Mathematics Prelims

June 25, 2009

Definition of Similarity Using Linear Transformations

Filed under: Algebra,Linear Algebra — cjohnson @ 12:24 pm

Let’s suppose we have a linear transformation \tau on \mathbb{R}^3 which performs the following:

\displaystyle \left[ \begin{array}{c} 1 \\ 0 \\ 0 \end{array} \right] \mapsto \left[ \begin{array}{c} 1 \\ 2 \\ 3 \end{array} \right]

\displaystyle \left[ \begin{array}{c} 0 \\ 1 \\ 0 \end{array} \right] \mapsto \left[ \begin{array}{c} 4 \\ 5 \\ 6 \end{array} \right]

\displaystyle \left[ \begin{array}{c} 0 \\ 0 \\ 1 \end{array} \right] \mapsto \left[ \begin{array}{c} 5 \\ 7 \\ 0 \end{array} \right]

Now, the matrix representation of this transformation with respect to the standard basis is clearly

\displaystyle \left[ \begin{array}{ccc} 1 & 4 & 5 \\ 2 & 5 & 7 \\ 3 & 6 & 0 \end{array} \right]

But suppose we were to use a different basis for \mathbb{R}^3, like say \zeta = \{ (2, 1, 0)^T, \, (1, 0, 1)^T, \, (3, 0, -1)^T \}.  We see that our transformation maps these basis vectors as follows:

\displaystyle \left[ \begin{array}{c} 2 \\ 1 \\ 0 \end{array} \right] \mapsto \left[ \begin{array}{c} 6 \\ 9 \\ 12 \end{array} \right]

\displaystyle \left[ \begin{array}{c} 1 \\ 0 \\ 1 \end{array} \right] \mapsto \left[ \begin{array}{c} 6 \\ 9 \\ 3 \end{array} \right]

\displaystyle \left[ \begin{array}{c} 3 \\ 0 \\ -1 \end{array} \right] \mapsto \left[ \begin{array}{c} -2 \\ -1 \\ 9 \end{array} \right]

Notice that with the vectors we have on both the left and the right above are the coordinates with respect to the standard basis.  We’d like to see what the matrix representing \tau looks like with respect to the \zeta basis, so let’s convert the vectors on the right to \zeta-coordinates.  Recalling that a change of basis is simply a system of equations where the columns of the coefficient matrix are the coordinates of the basis vectors (and the inverse of this matrix if we want to go the other way), we have that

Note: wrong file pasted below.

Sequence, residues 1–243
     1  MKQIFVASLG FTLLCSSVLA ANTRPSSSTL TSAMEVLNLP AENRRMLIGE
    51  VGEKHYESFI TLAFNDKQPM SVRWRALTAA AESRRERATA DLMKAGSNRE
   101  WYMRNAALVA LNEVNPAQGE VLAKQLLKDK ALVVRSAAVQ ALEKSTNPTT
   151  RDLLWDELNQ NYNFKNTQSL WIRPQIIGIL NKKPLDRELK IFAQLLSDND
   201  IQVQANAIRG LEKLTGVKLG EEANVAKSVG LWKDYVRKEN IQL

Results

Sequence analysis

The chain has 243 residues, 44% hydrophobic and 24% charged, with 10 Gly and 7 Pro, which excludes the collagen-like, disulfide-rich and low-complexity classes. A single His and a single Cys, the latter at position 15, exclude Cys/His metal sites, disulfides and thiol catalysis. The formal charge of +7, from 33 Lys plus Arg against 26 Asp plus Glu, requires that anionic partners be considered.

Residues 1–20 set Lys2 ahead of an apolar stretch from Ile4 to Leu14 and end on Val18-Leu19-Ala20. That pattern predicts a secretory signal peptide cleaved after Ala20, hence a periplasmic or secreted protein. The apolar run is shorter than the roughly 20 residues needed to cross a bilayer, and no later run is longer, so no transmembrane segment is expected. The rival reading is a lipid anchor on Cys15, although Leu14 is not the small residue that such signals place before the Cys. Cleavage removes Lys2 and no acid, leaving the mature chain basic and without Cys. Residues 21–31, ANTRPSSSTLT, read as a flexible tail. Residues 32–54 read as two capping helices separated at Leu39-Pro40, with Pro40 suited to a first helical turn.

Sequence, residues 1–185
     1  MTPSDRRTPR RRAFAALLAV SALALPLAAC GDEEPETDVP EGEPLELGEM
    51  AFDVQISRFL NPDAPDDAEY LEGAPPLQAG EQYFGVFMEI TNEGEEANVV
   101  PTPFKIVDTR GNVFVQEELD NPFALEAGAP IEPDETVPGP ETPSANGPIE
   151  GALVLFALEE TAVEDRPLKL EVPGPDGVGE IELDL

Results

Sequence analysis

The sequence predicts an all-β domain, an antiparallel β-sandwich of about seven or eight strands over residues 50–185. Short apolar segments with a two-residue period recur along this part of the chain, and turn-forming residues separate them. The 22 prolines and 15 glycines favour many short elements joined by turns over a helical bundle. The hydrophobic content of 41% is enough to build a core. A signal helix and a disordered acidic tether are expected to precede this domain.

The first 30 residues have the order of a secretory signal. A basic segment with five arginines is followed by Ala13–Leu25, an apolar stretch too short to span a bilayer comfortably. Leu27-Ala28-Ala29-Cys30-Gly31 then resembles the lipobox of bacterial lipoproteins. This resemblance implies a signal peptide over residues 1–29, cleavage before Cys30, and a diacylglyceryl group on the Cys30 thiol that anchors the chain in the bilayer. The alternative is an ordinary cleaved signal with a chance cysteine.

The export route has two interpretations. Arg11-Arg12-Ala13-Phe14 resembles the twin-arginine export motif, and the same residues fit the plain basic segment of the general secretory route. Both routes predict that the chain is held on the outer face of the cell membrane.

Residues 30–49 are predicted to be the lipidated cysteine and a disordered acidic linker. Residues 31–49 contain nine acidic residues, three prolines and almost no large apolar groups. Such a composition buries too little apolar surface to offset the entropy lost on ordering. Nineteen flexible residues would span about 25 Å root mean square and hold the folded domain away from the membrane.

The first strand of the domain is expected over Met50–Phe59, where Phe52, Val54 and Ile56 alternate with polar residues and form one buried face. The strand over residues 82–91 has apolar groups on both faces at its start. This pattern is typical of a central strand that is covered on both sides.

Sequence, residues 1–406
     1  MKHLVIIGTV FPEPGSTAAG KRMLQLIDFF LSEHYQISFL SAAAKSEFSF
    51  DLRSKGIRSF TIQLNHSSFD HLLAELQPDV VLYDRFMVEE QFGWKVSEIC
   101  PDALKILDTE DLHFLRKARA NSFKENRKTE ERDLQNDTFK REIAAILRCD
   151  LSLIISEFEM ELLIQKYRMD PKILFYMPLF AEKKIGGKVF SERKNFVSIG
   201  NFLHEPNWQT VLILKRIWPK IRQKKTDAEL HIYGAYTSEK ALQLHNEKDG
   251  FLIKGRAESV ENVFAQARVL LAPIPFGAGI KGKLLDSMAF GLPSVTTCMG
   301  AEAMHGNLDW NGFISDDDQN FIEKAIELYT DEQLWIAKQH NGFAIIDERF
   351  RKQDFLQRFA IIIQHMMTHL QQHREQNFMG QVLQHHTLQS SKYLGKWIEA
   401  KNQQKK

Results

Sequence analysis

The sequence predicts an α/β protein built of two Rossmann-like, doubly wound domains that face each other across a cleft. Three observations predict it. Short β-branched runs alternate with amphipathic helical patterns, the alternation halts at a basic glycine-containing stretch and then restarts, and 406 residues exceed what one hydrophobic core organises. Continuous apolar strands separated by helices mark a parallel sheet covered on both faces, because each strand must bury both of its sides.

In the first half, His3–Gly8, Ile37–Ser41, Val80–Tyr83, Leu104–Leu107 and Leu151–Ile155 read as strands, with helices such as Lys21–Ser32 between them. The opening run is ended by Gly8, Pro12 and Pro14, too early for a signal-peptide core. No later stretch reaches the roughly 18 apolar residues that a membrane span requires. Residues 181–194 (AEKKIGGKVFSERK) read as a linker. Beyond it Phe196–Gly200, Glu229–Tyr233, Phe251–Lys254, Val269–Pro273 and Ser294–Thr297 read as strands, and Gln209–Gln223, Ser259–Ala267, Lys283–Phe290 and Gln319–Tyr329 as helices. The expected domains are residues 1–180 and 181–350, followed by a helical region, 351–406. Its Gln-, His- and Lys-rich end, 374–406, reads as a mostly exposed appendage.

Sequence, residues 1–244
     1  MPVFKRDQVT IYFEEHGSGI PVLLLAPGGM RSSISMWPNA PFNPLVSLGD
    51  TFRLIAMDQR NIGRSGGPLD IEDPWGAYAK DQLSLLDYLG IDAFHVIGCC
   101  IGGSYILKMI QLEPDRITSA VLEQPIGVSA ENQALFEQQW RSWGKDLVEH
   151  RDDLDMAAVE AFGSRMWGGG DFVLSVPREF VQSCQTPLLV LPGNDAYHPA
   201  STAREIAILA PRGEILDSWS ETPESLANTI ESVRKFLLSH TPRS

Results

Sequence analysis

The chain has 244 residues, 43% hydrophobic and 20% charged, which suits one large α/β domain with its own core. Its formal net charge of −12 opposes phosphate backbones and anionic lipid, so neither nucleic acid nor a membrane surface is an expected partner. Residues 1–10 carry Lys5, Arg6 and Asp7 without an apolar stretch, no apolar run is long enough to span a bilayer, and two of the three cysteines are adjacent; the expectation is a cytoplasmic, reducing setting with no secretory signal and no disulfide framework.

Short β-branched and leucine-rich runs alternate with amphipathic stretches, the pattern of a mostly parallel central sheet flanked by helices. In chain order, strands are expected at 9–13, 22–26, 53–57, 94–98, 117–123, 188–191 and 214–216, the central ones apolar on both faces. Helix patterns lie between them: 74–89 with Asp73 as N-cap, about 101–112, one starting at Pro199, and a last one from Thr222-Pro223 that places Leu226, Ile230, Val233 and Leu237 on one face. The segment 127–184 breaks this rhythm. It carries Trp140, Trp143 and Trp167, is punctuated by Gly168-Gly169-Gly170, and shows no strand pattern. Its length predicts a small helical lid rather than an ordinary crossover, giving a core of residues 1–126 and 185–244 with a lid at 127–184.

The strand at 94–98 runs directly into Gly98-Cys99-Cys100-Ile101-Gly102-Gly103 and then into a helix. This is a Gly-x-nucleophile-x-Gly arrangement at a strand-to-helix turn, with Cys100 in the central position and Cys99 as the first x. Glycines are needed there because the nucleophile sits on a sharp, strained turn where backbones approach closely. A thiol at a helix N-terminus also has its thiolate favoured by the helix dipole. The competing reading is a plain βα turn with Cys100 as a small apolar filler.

\displaystyle \left[ \begin{array}{c} 6 \\ 9 \\ 12 \end{array} \right] = \left[ \begin{array}{c} 9 \\ 6 \\ -6 \end{array} \right]_{\zeta}

\displaystyle \left[ \begin{array}{c} 6 \\ 9 \\ 3 \end{array} \right] = \left[ \begin{array}{c} 9 \\ -\frac{3}{4} \\ -\frac{15}{4} \end{array} \right]_{\zeta}

\displaystyle \left[ \begin{array}{c} -2 \\ -1 \\ 9 \end{array} \right] = \left[ \begin{array}{c} 19 \\ \frac{7}{4} \\ - \frac{5}{2} \end{array} \right]_{\zeta}

So with respect to our \zeta basis, the representation of \tau is

\displaystyle \left[ \begin{array}{ccc} 9 & 9 & 19 \\ 6 & -\frac{3}{4} & \frac{7}{4} \\ -6 & -\frac{15}{4} & -\frac{5}{2} \end{array} \right]

We will denote this matrix as _\zeta[\tau]_\zeta where the right-most subscript means that inputs are in \zeta-coordinates, and the left-most subscript means the outputs are in \zeta-coordinates as well.  Note that we could calculate _\zeta[\tau]_\zeta by going from \zeta coordinates to standard coordinates, using the earlier matrix, then going back to \zeta-coordinates.  That is,

\displaystyle _\zeta[\tau]_\zeta = _\zeta[I]_e \, _e[\tau]_e \, _e[I]_\zeta

where _e[I]_\zeta refers to the \zeta-to-standard basis change of basis matrix.  For notational convenience, define the following

A := _\zeta[\tau]_\zeta

B := _e[\tau]_e

P := _e[I]_\zeta

Then the above becomes

A = P^{-1} \, B \, P

Any matrices A and B for which there exists a P with satisfying this equation are called similar matrices.  Note that two matrices are similar if and only if they represent the same linear transformation, but with respect to different bases.  Also note that every non-singular matrix represents a change of basis matrix.  Similarity forms an equivalence relation on the set of square matrices / the set of linear transformations from a finite dimensional vector space to itself.

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